November 13, 2018
As temperatures drop and the days become shorter, most of us start spending more time inside with family and friends. While the fall and winter seasons can be full of cozy indoor fun, germs threaten to crash the party. To make matters worse, viruses that cause illnesses like the common cold also spread more easily in colder, drier air.
Understanding how the most contagious common illnesses are contracted can help you protect your immune system and keep your family healthy all year long.
As the name implies, the common cold is a widespread illness that affects everyone, from toddlers to the elderly, roughly two to three times a year. While people tend to come down with a cold during the winter and spring months, it is possible to catch a cold-causing virus at any time of year. To prevent the sore throat, runny nose, congestion, and related aches and pains associated with a cold, wash your hands often with soap and water and avoid touching your face — you never know what germs might lurk on a seemingly harmless elevator button or door handle.
Much like the common cold, influenza can make life miserable for a week or two, but with time, the flu will go away on its own. In addition to symptoms like nasal congestion and a persistent cough, the flu often brings on a fever, chills, and muscle pain. When these telltale signs arise, it’s important to stay home and limit your contact with others to avoid spreading the virus. Taking preventive action by getting an annual flu shot greatly reduces your chances of contracting the illness.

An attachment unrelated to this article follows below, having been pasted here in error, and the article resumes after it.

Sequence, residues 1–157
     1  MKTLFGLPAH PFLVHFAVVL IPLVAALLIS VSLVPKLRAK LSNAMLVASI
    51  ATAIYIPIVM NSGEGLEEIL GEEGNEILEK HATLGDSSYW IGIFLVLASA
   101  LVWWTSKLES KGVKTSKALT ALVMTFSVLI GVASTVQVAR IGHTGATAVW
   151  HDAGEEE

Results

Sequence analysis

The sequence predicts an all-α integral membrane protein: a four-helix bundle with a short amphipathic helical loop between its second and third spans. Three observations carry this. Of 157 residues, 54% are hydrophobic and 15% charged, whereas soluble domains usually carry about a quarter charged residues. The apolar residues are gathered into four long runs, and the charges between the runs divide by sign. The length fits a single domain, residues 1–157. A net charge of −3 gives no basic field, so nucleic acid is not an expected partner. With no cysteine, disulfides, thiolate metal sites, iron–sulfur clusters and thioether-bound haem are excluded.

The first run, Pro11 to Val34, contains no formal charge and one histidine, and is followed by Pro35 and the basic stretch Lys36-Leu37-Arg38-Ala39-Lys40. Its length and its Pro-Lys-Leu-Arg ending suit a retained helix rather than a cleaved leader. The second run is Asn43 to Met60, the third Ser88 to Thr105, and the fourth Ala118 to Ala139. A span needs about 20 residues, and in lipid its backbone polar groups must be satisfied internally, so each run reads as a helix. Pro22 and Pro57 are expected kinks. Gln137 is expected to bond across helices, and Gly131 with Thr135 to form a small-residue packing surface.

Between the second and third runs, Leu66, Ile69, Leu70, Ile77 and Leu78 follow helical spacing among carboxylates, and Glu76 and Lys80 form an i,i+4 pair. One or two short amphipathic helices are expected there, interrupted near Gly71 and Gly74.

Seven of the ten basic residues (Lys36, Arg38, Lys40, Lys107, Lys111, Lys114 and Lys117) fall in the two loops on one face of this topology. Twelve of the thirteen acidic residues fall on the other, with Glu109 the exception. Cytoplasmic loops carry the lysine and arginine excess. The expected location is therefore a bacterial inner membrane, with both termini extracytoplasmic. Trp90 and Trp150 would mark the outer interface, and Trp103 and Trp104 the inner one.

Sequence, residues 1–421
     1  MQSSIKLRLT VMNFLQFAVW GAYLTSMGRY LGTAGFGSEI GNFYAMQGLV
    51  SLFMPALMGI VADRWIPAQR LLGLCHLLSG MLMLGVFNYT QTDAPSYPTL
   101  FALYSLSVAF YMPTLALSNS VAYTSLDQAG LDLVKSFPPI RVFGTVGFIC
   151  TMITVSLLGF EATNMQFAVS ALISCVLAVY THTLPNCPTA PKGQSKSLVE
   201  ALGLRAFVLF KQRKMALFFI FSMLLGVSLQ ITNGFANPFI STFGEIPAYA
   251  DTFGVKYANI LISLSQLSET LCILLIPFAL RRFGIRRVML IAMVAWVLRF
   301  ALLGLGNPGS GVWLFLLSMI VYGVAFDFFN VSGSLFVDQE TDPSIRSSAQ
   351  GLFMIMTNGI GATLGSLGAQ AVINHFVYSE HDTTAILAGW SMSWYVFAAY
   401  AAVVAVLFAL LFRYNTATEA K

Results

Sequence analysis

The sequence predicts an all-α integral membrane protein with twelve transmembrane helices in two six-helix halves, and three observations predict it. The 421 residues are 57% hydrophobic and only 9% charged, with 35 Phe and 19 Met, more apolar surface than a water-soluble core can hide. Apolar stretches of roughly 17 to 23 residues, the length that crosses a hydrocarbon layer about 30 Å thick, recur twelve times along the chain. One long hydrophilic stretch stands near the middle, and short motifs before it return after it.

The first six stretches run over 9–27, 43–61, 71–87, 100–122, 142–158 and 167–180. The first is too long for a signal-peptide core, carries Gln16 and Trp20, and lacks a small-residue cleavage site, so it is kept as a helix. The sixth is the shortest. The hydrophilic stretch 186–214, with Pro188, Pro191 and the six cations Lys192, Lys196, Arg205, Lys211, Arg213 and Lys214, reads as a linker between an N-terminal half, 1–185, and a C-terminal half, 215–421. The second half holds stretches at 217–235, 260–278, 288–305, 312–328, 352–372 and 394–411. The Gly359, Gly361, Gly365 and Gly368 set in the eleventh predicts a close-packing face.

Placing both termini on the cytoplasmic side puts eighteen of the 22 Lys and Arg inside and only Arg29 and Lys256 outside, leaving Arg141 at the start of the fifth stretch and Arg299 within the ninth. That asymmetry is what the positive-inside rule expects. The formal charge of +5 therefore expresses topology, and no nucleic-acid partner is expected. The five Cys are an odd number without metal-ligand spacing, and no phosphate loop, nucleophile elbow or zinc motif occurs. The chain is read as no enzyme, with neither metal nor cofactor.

Conjunctivitis, or pink eye, is a highly contagious affliction that causes temporary redness, irritation, tearing, and discharge in one or both eyes. Although pink eye can make for an uncomfortable few days, it generally doesn’t pose a threat to your vision and will typically resolve itself without medical care. If it is a bacterial infection, however, antibiotic drops or ointment are needed to clear things up.
Strep throat, or Streptococcus, is an infection that can cause great pain, swelling, and irritation in the sufferer’s throat. Children are most likely to catch a case of strep throat, but it can affect people of all ages. If you experience severe throat pain and have difficulty swallowing, seek medical attention right away.
If you’ve ever had the stomach flu, you know just how wretched this contagious illness can make you feel. Nausea, vomiting, and diarrhea are the most common symptoms, and they often come on quickly with little warning. Children and students living in dormitories are at the highest risk of catching a stomach bug, and people with weakened immune systems are also affected more so than others. Gastroenteritis can be caused by viral, bacterial, or parasitic infections, with the viral variety being the most contagious.
While this affliction doesn’t last long, it can wreak havoc on your immune health and overall digestive system. Reduce your chances of catching the stomach flu by limiting your contact with infected individuals, washing your hands regularly and thoroughly, and getting your daily dose of vitamins and fluids.